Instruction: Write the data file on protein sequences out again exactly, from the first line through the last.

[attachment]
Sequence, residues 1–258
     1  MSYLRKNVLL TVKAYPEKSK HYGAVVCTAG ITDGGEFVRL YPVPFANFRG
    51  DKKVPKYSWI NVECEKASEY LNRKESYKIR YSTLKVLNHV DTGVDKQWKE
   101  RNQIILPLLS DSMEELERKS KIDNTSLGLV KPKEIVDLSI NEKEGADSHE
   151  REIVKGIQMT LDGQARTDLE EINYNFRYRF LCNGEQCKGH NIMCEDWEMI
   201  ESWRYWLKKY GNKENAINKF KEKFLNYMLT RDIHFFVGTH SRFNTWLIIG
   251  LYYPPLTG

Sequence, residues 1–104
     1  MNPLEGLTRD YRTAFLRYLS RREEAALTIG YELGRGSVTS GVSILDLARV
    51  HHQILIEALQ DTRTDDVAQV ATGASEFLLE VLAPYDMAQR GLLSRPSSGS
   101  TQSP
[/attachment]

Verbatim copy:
Sequence, residues 1–258
     1  MSYLRKNVLL TVKAYPEKSK HYGAVVCTAG ITDGGEFVRL YPVPFANFRG
    51  DKKVPKYSWI NVECEKASEY LNRKESYKIR YSTLKVLNHV DTGVDKQWKE
   101  RNQIILPLLS DSMEELERKS KIDNTSLGLV KPKEIVDLSI NEKEGADSHE
   151  REIVKGIQMT LDGQARTDLE EINYNFRYRF LCNGEQCKGH NIMCEDWEMI
   201  ESWRYWLKKY GNKENAINKF KEKFLNYMLT RDIHFFVGTH SRFNTWLIIG
   251  LYYPPLTG

Sequence, residues 1–104
     1  MNPLEGLTRD YRTAFLRYLS RREEAALTIG YELGRGSVTS GVSILDLARV
    51  HHQILIEALQ DTRTDDVAQV ATGASEFLLE VLAPYDMAQR GLLSRPSSGS
   101  TQSP